Letters to the Editor Thursday 25 August – The Daily Gazette


Be critical of new political commercials

If you’re a reader of the Daily Gazette who doesn’t watch TV, I can tell you that election season is upon us.
My cable stations are flooded with election ads during prime time, and I’ve made a few observations about it.
The two parties have quite different ideas about how to convince you how to vote. Let’s look at both.
The Democrats are all in bright colors like a Toyota ad and they are labeled as Democrats left and right. They represent the politics that the candidate considers important to him or her and, in most cases, mention their local roots.
The policies they highlight are usually related to the climate, public health, and the economy. Your opponent is hardly mentioned.
Republicans display violence and abuse, and they rarely mention their own party or, in some cases, their own candidate.
They just tell you who to vote against. They show all the Democrats in black and white, then switch to color for their own candidate, like in The Wizard of Oz.
The policies they talk about are about law and order, mostly about how we should be afraid of riots all the time because of the videos they show. But they offer no solutions other than handcuffs. And taxes, they hate taxes.
By far the most amusing shows the former president playing tennis in an unforgiving pose and mentions a certain politician who is a Trump kiss-ass. I’ll leave that to you to judge.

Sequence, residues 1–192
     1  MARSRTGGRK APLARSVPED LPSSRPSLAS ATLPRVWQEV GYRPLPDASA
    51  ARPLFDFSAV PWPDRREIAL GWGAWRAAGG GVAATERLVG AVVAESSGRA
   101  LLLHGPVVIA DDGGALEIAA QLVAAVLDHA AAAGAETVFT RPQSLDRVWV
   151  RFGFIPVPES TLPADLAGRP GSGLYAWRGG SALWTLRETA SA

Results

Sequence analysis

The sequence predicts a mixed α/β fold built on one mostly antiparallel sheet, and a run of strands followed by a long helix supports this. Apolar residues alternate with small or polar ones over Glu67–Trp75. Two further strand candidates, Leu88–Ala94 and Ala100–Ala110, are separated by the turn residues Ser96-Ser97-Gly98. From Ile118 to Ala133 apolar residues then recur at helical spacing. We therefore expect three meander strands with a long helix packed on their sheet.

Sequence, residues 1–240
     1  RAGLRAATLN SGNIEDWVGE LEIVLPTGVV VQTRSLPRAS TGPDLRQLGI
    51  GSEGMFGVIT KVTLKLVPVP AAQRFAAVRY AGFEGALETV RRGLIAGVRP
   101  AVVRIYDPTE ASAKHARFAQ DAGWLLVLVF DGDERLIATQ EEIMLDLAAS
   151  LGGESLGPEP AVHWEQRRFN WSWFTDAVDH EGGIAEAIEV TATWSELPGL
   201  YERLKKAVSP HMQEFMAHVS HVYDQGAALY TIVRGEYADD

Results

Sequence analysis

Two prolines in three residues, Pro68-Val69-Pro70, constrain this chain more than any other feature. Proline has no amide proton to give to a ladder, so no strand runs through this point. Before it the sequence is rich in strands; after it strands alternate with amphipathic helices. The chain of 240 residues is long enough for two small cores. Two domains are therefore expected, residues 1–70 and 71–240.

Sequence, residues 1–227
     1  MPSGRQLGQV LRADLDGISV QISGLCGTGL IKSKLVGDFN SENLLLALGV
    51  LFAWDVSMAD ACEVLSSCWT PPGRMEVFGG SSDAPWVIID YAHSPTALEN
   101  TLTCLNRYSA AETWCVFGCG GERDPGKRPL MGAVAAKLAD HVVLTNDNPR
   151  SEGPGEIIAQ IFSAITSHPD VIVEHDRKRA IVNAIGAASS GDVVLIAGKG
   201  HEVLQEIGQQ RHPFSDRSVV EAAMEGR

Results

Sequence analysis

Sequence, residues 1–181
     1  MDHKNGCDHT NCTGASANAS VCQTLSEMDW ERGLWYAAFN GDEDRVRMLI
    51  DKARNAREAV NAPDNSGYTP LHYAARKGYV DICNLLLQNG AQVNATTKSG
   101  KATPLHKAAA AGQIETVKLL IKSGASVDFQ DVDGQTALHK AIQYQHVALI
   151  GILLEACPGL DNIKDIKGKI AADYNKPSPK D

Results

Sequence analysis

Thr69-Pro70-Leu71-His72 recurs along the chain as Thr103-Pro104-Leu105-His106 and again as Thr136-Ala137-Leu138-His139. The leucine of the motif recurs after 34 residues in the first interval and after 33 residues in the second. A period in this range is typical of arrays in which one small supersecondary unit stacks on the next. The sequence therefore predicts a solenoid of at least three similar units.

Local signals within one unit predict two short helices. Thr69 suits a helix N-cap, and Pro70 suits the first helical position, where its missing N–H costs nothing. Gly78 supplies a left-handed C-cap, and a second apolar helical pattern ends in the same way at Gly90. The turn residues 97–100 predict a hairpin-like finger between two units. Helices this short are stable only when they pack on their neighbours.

Paul Donahue

Children must receive HPV vaccinations

The Cancer Prevention in Action (CPiA) program has good news.
Data from the Centers for Disease Control and Prevention shows that human papillomavirus (HPV) vaccination rates among 13- to 17-year-olds in New York state have improved significantly, from 57% in 2019 to 68% in 2020.
While promising, the COVID-19 pandemic has impacted preventive care for children, including the HPV vaccine.
Its a lot to do. The goal of the NYS Comprehensive Cancer Control Plan is for 80% of 13-17 year olds to be vaccinated against HPV.
Parents need to be educated to dispel the myths they hear about the HPV vaccine.
Strong referrals from healthcare providers are needed to encourage parents to vaccinate. Reminding parents to remind their children about HPV vaccination is crucial. Here’s why:
HPV is a virus and there is no treatment/cure for infection.
There are no symptoms to know you have the virus. The virus can cause many types of cancer.
The HPV vaccine prevents children from getting certain types of cancer as they get older. The virus can cause cervical, vaginal, vulvar, penile, anal, and mouth and throat cancers.
The younger the vaccine is given, the better it is at preventing cancer in boys and girls aged 9 and over.
CPiA works to increase HPV vaccination rates by educating our communities. The CPiA program works with the NYS Cancer Consortium and its HPV Coalition to implement strategies to improve HPV vaccination rates. To learn more about CPiA, visit www.takeactionagainstcancer.com or call 518-770-6815.
Kelsey Carpe
The author is the Coordinator for Health Education Advancement, Cancer Prevention in Action Program of Fulton, Montgomery & Schenectady Counties.

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ballot letters:

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